Movie adaptations of comic books are tricky. Things that work in comics do not always work in film, and vice versa. As a result, changes need to be made appropriately. Filmmakers have to weigh the value of faithfulness to the source against creating a stronger film. Like Zack Snyder’s adaptation of Alan Moore and Dave Gibbons’ Watchmen (2009), Matthew Vaughn’s adaptation of Mark Millar and John Romita, Jr.’s Kick-Ass primary weakness as a film is how well it adapts the story from the comic book.
Dave Lizewski (Aaron Johnson) is an average American teen, mildly bored with life and reader of comic books. Dave decides to make his life more meaningful by getting involved in his community, helping out at homeless shelters, joining extra-curricular programs at school, and working up the nerve to talk to girls. Wait… no, that would be an appropriate response. No, Dave goes the saner route of buying a SCUBA outfit, and fighting crime as the superhero, Kick-Ass.
Shockingly, on his first real patrol, Dave is stabbed and run over by a car.
After “months of healing” are over, Dave goes right back out and fights crime again-albeit more successfully-and is broadcast on YouTube. Kick-Ass becomes a sensation, inspiring a father and daughter vigilante team to also don super-hero costumes as Hit-Girl (Chloe Moretz) and Big Daddy (Nicholas Cage), who go on a mission to destroy local mob boss, Frank D’Amico (Mark Strong)-enlisting Kick-Ass to help...with graphically violent results.
Like the original comic book, the film’s tone is uneven at best. At varying points, the film is about the realities of trying to be a vigilante, dealing with high school awkardness, an epic revenge drama, a shoot ‘em up, a commentary on fame and mass media, a satire of super-hero films, a mob film, and an absurdist comedy. While Vaughn’s strong visual sense makes the film a pleasure to watch, and the film is at no point boring, the constant shifting between various genres left the film with no real identity. Which in Vaughn’s defense, is very faithful to the comic book.
Also faithful to the comic, Kick-Ass is actually the least interesting character. At minimum, he needs to anchor the ludicrous story of Hit-Girl, Big Daddy, and Frank D’Amico. In the comic book, Dave’s constant narration provides this anchor. Unfortunately, in the film, he becomes lost in his own story, struggling to keep up with the other personalities on screen. This is not a shock considering the acting talent he's up against. Nicholas Cage, as always, delivers an interesting performance combining his normal insanity with more than a little nod to Adam West. Mark Strong demonstrates that he possesses probably the best American accent in all of England.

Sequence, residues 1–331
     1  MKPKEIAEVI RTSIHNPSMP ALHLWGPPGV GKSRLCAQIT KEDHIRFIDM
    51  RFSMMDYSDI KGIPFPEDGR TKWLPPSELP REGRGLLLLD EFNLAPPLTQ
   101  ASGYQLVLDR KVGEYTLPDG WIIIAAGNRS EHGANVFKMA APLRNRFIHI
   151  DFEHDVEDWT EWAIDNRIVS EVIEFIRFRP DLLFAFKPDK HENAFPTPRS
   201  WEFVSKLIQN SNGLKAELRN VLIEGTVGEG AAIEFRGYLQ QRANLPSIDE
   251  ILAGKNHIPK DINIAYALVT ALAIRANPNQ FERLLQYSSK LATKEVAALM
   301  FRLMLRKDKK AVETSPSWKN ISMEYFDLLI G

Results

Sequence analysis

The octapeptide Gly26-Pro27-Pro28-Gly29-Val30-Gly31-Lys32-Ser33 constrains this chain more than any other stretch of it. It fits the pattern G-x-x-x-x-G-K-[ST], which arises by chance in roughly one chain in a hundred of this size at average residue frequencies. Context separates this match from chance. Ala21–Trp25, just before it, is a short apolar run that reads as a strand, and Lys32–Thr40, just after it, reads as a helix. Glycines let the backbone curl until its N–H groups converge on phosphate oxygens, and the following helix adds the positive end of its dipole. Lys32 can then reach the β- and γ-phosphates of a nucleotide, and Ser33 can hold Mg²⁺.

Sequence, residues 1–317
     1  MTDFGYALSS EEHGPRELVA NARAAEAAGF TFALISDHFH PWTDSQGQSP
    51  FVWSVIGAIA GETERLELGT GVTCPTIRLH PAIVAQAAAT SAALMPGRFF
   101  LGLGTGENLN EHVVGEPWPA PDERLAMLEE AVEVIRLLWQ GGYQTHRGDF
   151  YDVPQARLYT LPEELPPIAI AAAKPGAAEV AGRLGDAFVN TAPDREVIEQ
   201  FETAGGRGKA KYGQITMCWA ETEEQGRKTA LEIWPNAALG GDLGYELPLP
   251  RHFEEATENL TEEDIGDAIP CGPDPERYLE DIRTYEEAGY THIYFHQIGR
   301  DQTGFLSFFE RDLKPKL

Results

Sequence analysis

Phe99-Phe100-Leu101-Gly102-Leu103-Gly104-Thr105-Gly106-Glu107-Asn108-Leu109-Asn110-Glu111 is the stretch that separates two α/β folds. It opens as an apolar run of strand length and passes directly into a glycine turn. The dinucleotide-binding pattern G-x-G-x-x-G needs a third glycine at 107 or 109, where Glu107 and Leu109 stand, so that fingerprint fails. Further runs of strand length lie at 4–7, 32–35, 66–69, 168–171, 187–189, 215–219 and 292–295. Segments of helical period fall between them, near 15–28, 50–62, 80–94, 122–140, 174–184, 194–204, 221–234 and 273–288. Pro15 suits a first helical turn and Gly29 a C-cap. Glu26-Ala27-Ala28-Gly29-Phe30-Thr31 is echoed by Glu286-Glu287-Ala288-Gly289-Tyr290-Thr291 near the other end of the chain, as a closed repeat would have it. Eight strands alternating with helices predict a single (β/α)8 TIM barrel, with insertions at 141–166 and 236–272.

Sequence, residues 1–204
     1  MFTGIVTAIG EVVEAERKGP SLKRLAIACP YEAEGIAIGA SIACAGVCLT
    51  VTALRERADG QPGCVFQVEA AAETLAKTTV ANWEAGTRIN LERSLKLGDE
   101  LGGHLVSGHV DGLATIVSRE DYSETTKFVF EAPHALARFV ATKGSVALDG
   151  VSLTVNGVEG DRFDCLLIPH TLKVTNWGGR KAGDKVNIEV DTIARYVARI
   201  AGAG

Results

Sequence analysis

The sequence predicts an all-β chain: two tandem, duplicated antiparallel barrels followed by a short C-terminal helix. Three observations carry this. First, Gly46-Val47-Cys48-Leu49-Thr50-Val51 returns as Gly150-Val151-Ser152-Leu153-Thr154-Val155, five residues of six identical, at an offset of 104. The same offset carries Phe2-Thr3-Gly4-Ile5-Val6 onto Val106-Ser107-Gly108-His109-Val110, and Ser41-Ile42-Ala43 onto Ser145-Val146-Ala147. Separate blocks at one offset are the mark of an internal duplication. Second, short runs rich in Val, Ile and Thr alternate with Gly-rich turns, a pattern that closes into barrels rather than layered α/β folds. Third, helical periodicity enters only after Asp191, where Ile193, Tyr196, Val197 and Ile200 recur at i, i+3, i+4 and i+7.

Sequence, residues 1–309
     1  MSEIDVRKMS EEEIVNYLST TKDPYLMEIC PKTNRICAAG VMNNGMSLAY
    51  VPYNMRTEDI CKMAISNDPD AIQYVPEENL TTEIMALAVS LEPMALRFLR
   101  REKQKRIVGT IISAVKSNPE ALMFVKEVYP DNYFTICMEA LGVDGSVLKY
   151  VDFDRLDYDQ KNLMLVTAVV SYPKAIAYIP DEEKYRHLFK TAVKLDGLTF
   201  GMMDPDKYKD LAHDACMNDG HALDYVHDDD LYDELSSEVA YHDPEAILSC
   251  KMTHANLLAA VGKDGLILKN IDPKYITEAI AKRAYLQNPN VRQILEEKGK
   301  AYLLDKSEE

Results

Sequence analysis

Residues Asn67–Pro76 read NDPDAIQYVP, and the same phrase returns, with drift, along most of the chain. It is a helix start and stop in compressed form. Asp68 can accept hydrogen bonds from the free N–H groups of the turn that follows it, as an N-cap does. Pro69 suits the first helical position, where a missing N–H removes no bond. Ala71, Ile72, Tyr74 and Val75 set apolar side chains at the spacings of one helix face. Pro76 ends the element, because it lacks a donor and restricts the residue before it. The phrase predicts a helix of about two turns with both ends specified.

Then there’s Chloe Moretz.
Moretz steals the show playing an 11-year-old, unstoppable engine of violence. Her least disturbing aspect is her foul mouth. Much, much worse is how she brutally dismembers at least thirty armed mob enforcers. Granted, the audience won't feel bad for the guys getting killed, but when it’s a cute little girl, it’s at the very least...disconcerting. The most amusing audience reaction to Hit-Girl was when someone finally managed to hit her. Everyone was shocked and horrified that the little girl got kicked in the face. You know, after she spent the better part of the film lopping people’s legs off and crushing them in hydraulic presses, I may be jaded.
Overall, Kick-Ass is an intriguing addition to the growing library of super-heroes on film. It’s visually gripping, action-packed, and entertaining; and while it's not a “realistic” portrayal of what someone trying to be a super-hero in real life like Mark Millar said it would be, it does have a sweet jetpack. If nothing else, he doesn’t call the audience assholes at the end for reading his comics.